Serbia: Gazprom considers buying more shares from South Stream Serbia, News Serbia Energy
Gazprom’s Board of Directors consider buying more shares from South Stream Serbia. The decision will be taken on February 13, 2018. South Stream Serbia is a joint venture between Russia’s Gazprom (51%) and Serbia (49%). It was created for the construction of South Stream through the territory of Serbia.
A few days ago, Serbian Prime Minister Ana Brnabic announced that South Stream would become Serbian Stream. The project will eventually be implemented, but already in a different format – Serbia will receive Russian gas at the border with Bulgaria, explained the Serbian Prime Minister. For its part, the gas will enter Bulgaria via a connection with Turkey, through the Turkish stream.
Even with the announcement of the idea of Turkish Stream, Gazprom explained that the gas pipeline will have two pipes – one directly for Turkish consumers and the other one – for southern Europe. However, Russia has demanded “reinforced concrete” guarantees from Europe that the project will take place to build the second pipe.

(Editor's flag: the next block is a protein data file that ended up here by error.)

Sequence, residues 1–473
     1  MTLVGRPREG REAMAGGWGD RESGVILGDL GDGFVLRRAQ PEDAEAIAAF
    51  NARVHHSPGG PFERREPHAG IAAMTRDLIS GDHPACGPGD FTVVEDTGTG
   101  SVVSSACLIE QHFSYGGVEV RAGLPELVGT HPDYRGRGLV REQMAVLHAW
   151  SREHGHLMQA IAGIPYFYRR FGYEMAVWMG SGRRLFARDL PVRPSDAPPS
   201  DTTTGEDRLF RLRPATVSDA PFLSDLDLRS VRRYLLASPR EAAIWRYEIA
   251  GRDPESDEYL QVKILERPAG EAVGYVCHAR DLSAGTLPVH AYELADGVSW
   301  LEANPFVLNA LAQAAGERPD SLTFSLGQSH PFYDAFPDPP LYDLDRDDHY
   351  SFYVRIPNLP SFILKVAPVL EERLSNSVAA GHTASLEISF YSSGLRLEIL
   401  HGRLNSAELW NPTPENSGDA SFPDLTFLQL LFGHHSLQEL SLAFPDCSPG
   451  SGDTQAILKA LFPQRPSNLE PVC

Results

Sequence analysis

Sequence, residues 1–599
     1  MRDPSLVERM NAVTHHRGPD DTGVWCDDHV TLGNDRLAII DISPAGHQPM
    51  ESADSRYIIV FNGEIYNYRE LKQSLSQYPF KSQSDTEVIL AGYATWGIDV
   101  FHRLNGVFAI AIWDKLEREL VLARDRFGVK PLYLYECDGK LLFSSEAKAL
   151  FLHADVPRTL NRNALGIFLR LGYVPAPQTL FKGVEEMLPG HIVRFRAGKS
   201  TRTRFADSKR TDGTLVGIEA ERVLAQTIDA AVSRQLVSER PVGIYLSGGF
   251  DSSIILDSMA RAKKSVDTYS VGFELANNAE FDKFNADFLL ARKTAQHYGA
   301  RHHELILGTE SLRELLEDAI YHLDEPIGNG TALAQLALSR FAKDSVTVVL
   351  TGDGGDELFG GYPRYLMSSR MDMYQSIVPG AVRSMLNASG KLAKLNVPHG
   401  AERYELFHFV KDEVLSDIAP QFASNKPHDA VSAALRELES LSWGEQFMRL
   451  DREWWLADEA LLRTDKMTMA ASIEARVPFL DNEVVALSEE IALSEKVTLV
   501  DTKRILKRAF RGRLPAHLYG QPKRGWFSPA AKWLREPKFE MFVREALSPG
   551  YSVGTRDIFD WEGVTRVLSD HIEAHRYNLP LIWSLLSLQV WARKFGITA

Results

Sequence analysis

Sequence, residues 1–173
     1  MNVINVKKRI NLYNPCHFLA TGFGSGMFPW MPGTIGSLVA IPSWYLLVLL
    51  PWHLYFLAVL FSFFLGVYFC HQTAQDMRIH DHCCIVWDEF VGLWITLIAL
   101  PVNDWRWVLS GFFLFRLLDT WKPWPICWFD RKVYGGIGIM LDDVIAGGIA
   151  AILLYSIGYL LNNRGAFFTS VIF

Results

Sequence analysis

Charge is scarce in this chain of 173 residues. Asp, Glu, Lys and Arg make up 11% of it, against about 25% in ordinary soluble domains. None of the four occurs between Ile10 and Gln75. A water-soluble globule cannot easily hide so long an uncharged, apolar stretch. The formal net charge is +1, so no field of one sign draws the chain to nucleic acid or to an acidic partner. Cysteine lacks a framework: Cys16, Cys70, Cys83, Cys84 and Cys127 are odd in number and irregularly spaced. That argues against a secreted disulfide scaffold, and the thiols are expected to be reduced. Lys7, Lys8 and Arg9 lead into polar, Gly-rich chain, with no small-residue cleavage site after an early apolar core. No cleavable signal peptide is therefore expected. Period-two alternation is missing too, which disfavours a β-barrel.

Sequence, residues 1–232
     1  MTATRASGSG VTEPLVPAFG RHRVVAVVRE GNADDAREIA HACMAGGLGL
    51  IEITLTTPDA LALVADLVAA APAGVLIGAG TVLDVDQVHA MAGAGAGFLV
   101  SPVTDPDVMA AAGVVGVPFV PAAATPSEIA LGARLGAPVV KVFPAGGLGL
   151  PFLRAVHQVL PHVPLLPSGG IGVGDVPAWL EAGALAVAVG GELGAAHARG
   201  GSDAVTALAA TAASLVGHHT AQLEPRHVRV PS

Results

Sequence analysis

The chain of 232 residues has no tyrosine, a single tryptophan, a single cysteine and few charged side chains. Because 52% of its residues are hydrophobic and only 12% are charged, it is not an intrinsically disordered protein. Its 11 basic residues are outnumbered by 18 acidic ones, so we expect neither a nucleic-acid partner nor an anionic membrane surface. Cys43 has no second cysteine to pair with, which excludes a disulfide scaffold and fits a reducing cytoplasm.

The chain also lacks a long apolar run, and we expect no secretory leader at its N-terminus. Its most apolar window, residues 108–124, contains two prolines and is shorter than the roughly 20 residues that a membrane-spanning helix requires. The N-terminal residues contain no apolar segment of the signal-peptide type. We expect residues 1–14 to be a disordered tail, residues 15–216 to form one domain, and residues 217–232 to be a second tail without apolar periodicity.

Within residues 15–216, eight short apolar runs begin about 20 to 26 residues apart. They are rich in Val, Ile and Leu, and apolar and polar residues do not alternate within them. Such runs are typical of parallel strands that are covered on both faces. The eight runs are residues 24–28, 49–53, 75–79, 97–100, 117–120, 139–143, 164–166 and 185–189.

At this stage, Gazprom did not report how the second Turkish Stream pipeline will be operating in Europe. On January 19th, the Russian company received a building permit from the Turkish authorities in the exclusive economic zone of Turkey in the Black Sea. On Gazprom’s website, the project states that Turkey will have links to neighboring countries through which natural gas will be supplied.
Despite the evasive claims for the Turkish Stream route in Europe, Bulgarian Prime Minister Boyko Borissov has repeatedly commented that the gas will enter Bulgaria, and with the help of the Balkan gas hub all European requirements in the field of energy will be met. Through the hub, Bulgaria will trade natural gas coming from different directions – the Turkish stream, the IGB gas connection, ie from Azerbaijan or liquefied gas from the Greek terminals, as well as local production.
However, another Russian version of the gas transit in the southern direction – via a hub on the border with Greece – was also mentioned in the initial statements of Russia. For the time being, Gazprom does not say unequivocally where the second pipe will pass, and at the end of last year Russian Energy Minister Alexander Novak said that no options are excluded.
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